Elbit Systems of America’s Kollsman Commercial Aviation announced at NBAA 2011 in Las Vegas that flight testing of its second-generation, enhanced-vision system, EVS II, is in progress on a Boeing 777 and that certification flight test of a new Kollsman head-up display (HUD) for the Bombardier Challenger 604 is about to commence. EVS symbology projected onto a HUD, from what Kollsman calls an “enhanced flight vision system,” can make it possible to achieve FAA landing credits for lowered approach minima.
Leslie Smith, manager of the FAA flight technologies and procedures division, said at the convention that EVS is an integral element of NextGen development. The goal, she said, is to move beyond granting landing credits for low-visibility operations conducted with using EVS to approving operations all the way to the ground and using EVS for surface-movement guidance. “The hardest part is not the landing but getting from the runway to the gate,” she said.
Roy Gentry, Kollsman Commercial Aviation vice president, explained that Kollsman is working to design an EVS III, but declined to state design goals beyond saying, “We’re pushing the envelope, looking at higher resolution [imagery] for better fog penetration.” He said that the Merrimack, N.H.-based operation is gaining growing acceptance for its lower-cost GAViS EVS on both fixed and rotary-wing aircraft.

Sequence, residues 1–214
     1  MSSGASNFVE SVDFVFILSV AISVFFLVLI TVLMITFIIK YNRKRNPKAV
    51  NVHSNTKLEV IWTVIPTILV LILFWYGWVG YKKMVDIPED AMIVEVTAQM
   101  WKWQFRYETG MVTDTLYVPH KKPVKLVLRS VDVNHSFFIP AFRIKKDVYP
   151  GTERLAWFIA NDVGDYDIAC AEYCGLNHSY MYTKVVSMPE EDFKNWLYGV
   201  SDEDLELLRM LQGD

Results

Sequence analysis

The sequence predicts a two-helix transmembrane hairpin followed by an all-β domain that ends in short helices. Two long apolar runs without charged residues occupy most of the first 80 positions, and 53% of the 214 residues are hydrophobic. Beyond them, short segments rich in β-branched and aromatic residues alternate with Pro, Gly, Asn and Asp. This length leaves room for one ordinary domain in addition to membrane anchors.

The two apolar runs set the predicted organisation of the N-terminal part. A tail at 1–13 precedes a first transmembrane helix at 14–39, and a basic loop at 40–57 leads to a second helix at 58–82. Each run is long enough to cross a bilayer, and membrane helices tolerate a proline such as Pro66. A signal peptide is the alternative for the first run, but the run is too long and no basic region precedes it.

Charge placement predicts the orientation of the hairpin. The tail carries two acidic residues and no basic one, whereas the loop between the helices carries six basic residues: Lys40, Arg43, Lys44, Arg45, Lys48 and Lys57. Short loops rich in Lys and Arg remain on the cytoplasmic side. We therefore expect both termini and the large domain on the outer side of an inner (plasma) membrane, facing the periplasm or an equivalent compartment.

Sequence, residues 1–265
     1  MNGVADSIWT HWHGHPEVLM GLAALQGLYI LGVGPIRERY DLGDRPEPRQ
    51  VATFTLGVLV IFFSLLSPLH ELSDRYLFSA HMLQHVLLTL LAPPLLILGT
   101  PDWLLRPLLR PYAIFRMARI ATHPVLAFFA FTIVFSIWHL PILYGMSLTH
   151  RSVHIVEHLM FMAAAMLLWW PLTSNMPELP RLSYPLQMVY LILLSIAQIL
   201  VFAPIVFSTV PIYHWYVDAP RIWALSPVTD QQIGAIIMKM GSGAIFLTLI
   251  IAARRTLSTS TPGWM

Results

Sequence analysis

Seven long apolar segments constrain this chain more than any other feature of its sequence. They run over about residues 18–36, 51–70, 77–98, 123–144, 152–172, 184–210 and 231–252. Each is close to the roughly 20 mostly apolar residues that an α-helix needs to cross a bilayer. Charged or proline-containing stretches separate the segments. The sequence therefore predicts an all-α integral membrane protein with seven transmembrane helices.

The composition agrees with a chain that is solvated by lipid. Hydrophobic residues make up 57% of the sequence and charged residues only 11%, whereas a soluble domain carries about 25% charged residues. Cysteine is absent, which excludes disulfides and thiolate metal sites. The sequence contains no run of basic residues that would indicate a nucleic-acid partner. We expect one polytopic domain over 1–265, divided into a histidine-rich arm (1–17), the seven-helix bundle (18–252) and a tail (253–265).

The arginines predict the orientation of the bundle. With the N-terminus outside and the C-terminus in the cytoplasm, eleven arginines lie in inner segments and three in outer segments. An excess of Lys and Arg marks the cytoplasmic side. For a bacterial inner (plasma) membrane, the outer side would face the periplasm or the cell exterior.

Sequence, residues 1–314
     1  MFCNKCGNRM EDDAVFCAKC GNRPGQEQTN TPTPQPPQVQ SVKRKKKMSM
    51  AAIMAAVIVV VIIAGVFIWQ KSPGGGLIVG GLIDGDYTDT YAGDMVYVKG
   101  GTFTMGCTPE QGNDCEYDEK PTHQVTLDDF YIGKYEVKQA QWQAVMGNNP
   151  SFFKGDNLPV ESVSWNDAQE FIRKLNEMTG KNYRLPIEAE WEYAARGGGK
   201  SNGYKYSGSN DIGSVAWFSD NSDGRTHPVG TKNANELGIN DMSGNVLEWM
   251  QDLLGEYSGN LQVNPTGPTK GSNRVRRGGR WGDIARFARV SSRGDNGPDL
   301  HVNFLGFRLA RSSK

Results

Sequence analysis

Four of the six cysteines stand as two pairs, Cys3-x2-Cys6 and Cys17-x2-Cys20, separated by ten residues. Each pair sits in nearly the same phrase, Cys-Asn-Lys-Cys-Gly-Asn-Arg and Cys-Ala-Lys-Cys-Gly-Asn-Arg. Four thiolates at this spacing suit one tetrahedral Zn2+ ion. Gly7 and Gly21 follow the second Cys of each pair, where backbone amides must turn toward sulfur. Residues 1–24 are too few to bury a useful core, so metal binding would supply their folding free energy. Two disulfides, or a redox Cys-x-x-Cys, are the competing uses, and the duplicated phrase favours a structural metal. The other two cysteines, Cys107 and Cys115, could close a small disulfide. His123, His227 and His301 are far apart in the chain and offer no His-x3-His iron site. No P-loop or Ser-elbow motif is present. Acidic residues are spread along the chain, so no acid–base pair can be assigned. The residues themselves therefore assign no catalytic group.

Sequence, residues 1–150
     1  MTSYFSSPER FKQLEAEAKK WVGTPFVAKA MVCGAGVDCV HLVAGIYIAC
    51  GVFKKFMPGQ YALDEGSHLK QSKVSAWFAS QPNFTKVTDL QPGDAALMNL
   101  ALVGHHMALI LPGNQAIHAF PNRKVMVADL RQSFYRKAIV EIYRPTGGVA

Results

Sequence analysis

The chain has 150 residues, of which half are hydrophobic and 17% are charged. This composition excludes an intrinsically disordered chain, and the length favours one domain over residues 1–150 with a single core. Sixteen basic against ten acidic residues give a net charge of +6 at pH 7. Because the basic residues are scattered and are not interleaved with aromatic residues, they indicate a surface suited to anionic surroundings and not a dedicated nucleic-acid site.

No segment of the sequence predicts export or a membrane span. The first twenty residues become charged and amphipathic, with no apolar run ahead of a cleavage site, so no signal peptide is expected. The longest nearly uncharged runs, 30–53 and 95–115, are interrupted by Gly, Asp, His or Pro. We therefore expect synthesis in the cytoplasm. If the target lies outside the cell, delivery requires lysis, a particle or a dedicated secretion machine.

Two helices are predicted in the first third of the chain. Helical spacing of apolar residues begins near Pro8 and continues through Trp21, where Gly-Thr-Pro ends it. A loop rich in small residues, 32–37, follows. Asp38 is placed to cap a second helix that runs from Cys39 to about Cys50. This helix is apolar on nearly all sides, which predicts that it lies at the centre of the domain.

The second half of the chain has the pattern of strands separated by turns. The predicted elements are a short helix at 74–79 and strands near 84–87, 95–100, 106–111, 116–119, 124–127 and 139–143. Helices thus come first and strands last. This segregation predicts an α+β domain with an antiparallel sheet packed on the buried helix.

While the EVS I and II products for airliners and large business jets use cryogenically cooled infrared cameras, GAViS is based upon a smaller, lighter, uncooled infrared sensor in a single LRU. Gentry said Kollsman engineers are looking to develop a GAViS camera that is three to four times more sensitive than that now in use.
Also at NBAA, Elbit celebrated the delivery of its 1,000th infrared EVS. The unit went to Gulfstream Aerospace, and Pres Henne, Gulfstream senior v-p for engineering and test programs, accepted a plaque commemorating the event from Gentry.